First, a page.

Planners frequently use the place type framework to identify different issues, challenges, and assets throughout a municipality or a region. While there isn’t a standard used across the profession, it is generally accepted that the broadest range of places includes the hamlet, village, town and city. Historically we intuitively understood how to build these places without regulation. Commerce and public spaces were located where the majority of residents could access them, and housing was both diverse and compact. This permitted the preservation of the landscape for agriculture and natural systems.
Steve Jobs ended one of his most memorable speeches with the encouragement, “Stay hungry. Stay foolish.” He was quoting the message on the final page of the final publication of The Whole Earth Catalog, Stewart Brand’s version of pre-Google, assembled with typewriters, polaroid’s and scissors. Jobs’ point for me was to realize that the hunger for knowledge is not neediness, powerlessness, or weakness, but rather is a transformational driver of change and growth. An essential part of wellbeing.
Call me naive.
When I was first exposed to the New Urbanism in the 1990s, it was as a 9 to 5 brand marketer with an appreciation for music and art. Killing time one day in my dentist’s waiting room, I stumbled upon “Bye-Bye Suburban Dream,” the cover story of the latest Newsweek magazine.
I still remember the feeling I had as I read it. Unbelievable, I thought. This is a movement pursuing places where people, community, beauty and culture are once again prioritized. Where the interconnected everyday human experiences that color our lives are valued. Where commerce and art can both thrive.
We’ve talked extensively here on PlaceShakers about how to integrate industrial uses into walkable neighborhoods. And the sorts of land use modifications, often via form-based codes, that are necessary to enable these uses within safe parameters. This week in Berlin, I was particularly inspired by the example set by Hackeschen Höfe, for mixing artisanal manufacturing with residential in mid-rise mixed-use. And they’ve been doing so successfully since 1906.
I’m big on local. Not because I hate Walmart and 3,000 mile Caesar salads but because, as I see it, communities built on human-scaled, interdependent systems are better suited to taking on the challenges and opportunities presented by time.
That’s why, when it comes to the decisions that most directly impact day-to-day quality of life, I tend to advocate for smaller, more local, more responsive increments of control. Things like neighborhoods, NPUs, districts, and towns.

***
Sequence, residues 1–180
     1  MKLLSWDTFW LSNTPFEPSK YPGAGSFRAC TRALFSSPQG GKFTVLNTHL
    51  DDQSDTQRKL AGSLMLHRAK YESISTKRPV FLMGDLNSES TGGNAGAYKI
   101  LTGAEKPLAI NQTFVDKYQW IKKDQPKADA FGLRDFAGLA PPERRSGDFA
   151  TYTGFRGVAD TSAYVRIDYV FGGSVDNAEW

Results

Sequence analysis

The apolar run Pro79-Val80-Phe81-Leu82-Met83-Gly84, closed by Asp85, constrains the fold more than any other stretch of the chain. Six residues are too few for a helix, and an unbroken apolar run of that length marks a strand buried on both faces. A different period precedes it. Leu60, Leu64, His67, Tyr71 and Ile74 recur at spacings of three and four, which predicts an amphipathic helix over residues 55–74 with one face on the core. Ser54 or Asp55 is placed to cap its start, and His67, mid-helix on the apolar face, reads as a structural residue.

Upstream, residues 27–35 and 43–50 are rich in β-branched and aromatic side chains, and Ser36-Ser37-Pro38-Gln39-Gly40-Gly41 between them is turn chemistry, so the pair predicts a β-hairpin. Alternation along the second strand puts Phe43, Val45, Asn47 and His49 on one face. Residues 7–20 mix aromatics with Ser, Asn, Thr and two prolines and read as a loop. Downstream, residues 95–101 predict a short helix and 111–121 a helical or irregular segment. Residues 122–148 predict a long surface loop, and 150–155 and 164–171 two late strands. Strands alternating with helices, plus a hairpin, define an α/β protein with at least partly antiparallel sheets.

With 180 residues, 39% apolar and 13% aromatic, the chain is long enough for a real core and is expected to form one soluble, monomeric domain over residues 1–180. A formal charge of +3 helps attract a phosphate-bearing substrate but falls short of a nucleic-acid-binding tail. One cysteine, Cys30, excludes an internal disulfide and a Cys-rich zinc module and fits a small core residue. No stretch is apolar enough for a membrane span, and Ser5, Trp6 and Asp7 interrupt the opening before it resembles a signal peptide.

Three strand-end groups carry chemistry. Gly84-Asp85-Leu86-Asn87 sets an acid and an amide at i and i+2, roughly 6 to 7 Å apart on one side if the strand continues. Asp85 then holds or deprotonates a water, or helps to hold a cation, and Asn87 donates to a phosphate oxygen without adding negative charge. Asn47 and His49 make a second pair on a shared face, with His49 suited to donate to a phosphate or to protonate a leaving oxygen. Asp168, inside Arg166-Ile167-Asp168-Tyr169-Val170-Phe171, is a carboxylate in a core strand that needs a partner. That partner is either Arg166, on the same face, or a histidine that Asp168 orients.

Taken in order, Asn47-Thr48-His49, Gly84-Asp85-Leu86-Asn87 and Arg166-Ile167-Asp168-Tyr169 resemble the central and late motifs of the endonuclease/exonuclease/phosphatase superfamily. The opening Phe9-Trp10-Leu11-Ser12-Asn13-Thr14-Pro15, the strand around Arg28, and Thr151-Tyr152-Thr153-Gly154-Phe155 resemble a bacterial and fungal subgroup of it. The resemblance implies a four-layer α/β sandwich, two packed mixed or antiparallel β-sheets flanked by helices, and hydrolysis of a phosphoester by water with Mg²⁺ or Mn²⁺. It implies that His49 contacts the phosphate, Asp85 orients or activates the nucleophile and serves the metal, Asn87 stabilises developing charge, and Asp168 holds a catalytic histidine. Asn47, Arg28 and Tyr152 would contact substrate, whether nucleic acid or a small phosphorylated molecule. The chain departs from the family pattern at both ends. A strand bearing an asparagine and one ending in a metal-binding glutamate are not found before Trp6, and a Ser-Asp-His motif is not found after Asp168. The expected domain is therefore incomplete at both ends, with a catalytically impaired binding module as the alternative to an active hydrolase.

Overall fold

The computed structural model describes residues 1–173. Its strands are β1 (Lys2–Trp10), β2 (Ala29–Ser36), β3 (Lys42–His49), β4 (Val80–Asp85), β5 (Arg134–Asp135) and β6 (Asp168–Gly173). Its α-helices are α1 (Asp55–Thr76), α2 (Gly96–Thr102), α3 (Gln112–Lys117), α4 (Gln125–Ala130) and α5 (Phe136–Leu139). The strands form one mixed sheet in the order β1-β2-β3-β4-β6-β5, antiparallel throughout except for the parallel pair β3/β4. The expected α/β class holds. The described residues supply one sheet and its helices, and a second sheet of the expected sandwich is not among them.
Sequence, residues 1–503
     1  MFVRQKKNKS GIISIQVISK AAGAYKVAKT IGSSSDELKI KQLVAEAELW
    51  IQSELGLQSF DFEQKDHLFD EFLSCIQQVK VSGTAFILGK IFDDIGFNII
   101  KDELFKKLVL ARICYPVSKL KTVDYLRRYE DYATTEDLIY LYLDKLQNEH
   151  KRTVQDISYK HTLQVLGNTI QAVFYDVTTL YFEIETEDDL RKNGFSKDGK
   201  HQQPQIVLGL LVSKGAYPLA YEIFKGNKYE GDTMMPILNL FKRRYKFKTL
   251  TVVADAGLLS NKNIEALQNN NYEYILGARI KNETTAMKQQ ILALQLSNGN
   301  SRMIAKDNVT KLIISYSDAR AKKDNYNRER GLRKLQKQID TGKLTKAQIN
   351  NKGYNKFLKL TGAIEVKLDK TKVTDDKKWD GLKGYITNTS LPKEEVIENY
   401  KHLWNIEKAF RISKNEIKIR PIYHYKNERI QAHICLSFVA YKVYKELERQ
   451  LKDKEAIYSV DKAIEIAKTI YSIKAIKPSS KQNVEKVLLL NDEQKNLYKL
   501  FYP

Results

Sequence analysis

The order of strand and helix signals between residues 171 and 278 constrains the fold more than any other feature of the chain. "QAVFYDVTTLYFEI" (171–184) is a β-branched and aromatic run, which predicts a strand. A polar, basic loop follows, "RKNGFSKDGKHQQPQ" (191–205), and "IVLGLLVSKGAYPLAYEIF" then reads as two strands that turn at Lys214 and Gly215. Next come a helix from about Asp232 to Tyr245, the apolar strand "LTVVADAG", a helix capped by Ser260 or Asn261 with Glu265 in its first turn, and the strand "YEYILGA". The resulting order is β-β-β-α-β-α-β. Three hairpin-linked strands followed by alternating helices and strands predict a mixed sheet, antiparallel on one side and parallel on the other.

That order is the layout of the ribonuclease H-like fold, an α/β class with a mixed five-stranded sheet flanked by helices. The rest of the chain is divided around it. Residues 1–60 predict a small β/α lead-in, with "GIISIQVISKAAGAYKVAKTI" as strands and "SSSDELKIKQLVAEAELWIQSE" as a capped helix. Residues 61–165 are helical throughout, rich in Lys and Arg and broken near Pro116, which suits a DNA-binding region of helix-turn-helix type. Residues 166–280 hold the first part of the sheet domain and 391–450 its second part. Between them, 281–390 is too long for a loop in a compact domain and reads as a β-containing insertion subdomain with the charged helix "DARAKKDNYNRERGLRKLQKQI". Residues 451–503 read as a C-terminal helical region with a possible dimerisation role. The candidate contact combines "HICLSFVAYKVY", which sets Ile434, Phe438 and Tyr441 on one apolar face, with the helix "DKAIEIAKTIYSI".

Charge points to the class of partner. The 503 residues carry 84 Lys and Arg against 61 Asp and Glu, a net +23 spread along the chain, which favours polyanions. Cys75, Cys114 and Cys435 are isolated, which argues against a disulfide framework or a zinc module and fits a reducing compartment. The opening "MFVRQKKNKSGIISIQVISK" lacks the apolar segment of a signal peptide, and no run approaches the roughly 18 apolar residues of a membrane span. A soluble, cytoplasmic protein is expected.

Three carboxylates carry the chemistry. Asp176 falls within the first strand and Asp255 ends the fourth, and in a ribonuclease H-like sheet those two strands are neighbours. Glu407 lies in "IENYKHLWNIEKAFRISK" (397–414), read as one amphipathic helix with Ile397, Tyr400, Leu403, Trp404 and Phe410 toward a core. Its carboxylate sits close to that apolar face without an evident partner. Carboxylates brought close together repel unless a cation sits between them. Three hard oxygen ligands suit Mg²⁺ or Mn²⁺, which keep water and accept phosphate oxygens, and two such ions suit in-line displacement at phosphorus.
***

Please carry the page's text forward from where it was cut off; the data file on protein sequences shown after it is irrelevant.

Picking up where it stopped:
The world around us, whatever form it takes, comes to reflect the priorities of the people setting policy, making rules, and allocating funds. The more those people understand the nuances of context and maintain a shared stake in the outcome, the better things tend to be.
You know what the payment is for crowdsourcing? By asking other people to step up and think through solutions to some collective problem, I must commit to making a difference myself.
Every time I’ve asked you to share information with me, you have. Then I feel the need to compile it, analyze it, and organize it into a useful tool. I often get behind in answering all of your individual emails – thanks for all you send – but the power of your collective comments comes through loud and clear.
Get right with God. Fix your zoning.
That’s not something you hear regularly from the pulpit, maybe. But it’s gospel nonetheless. Here’s why:
If there’s one common thread woven through the world’s most enduring religions, it’s the call to connectivity: Self to others to everything.
If the attendees list of Placemaking@Work, my monthly webinar series, is any indicator, we’re increasingly united in our desire to improve the places we call home, wherever those places might be. Over time, I’ve had participants from Hawaii to Russia, from British Columbia to Saudi Arabia, and many points in between.
The common thread among these seekers is their search for tools and tactics that have proven effective. And increasingly dominating these conversations are form-based codes.